A Baroque jewel of inimitable beauty, at the table Lecce continues to hand down a poor but very tasty cuisine that makes use of wild vegetables, legumes, blue fish and horse meat. And then an array of street food perfect for enjoying while strolling through the city streets, starting with the legendary rustici. Here is all the street food in Lecce to try.
The best street food in Lecce
Overlooking Piazza Sant'Oronzo is this ancient café that is also a bit of a city institution. The entrance, with its windows, remains almost identical to what it was in the 1800s. In front, a dehors always crowded, whether for a good coffee on ice and pasticciotto or for a spritz, perhaps accompanied by the typical rustico leccese, among the best in town and baked several times a day. Greedy at all hours, try it for breakfast as well.
Caffè Alvino – Piazza Sant’Oronzo, 30 - facebook.com/Alvino.Catamo/?locale=it_IT
Cime di Rapa Urban Street Food
Cime di rapa is a brand made in Lecce that invests in biodiversity and promotes Italian gastronomic culture, conceived by Vita Basile and Elio Dongiovanni. Born as an educational and social inclusion tool, it has also turned into a container of delicacies, from pizza alla pala to potato pitta, and then bread, artisanal crackers,
Cime di Rapa Urban Street Food – via Guglielmo Oberdan, 55 - facebook.com/cimedirapastreetfood?locale=it_IT
The decisive element of this pizza is the crispness of the base, with a light and melting interior. This must be why, since its opening in the historic center, success has been immediate. And certainly also for the toppings, from the most traditional to the most creative, always well calibrated and with good compromise between seasonality, territoriality and some yielding to exoticism.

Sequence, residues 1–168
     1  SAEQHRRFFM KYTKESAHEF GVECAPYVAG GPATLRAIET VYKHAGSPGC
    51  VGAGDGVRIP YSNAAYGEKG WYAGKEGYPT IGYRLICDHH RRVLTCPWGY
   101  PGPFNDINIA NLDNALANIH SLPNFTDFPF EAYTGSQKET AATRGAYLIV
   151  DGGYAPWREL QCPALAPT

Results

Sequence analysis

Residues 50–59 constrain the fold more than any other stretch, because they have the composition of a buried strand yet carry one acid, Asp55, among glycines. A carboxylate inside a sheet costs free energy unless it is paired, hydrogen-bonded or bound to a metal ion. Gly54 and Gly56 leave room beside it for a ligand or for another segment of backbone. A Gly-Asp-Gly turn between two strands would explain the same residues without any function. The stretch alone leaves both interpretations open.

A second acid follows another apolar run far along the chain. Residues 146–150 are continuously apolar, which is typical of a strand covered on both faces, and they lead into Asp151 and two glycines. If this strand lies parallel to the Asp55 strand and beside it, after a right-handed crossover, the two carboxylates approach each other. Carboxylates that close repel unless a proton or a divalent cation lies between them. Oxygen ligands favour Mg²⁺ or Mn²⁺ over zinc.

Il Pizzicotto – via degli Ammirati, 14 d - facebook.com/ilpizzic8?locale=it_IT
L’Angolino di via Matteotti
The puccia leccese - soft and "hollow" inside - was born in the 1970s and is already an established tradition in the city. Its characteristics make it a treasure chest for the ingredients, which here at Angolino are territorial, seasonal and well selected. Very good variations are offered, but it is worth having fun composing your own puccia as you prefer - with unlimited amounts of ingredients - indulging tastes and curiosities. A must try, then, the "pezzetti di cavallo, the typical local, slightly spicy stew.
L’Angolino di via Matteotti – via Giaccomo Matteotti, 31 - facebook.com/profile.php?id=100063690577447&locale=it_IT
Mezzo Quinto Cibo di Strada
Right in the historic center, a few meters from the cathedral and in front of MUST, Museo Storico Cittadino overlooking the Roman theater, an address where you can find a concentration of Salento culinary tradition. Horse bits (on a plate or in a sandwich, as local street food dictates), meatballs with sauce or genovese, traditional quinto quarto, parmigiana (Salento style, with batter-fried eggplant) and even orecchiette.
Mezzo Quinto Cibo di Strada – via degli Ammirati, 16 - facebook.com/MezzoQuintoLecce?locale=it_IT
Indirizzo ormai storico e sempre gremito, innanzitutto per gli ottimi pani e per la pasticceria locale: il rustico leccese è sfornato con continuità così come le pucce e i pizzi, panini arricchiti con cipolle e pomodoro, anche in versione piccante. Il pane del territorio qui si affianca a buone versioni del pane di Altamura e pure la focaccia barese ha un folto pubblico di estimatori. Ottimi anche i dolci, pasticciotti e paste di mandorla in primis.
Si.Se Schipa – via Taranto, 27 - facebook.com/siseschipalecce/?locale=it_IT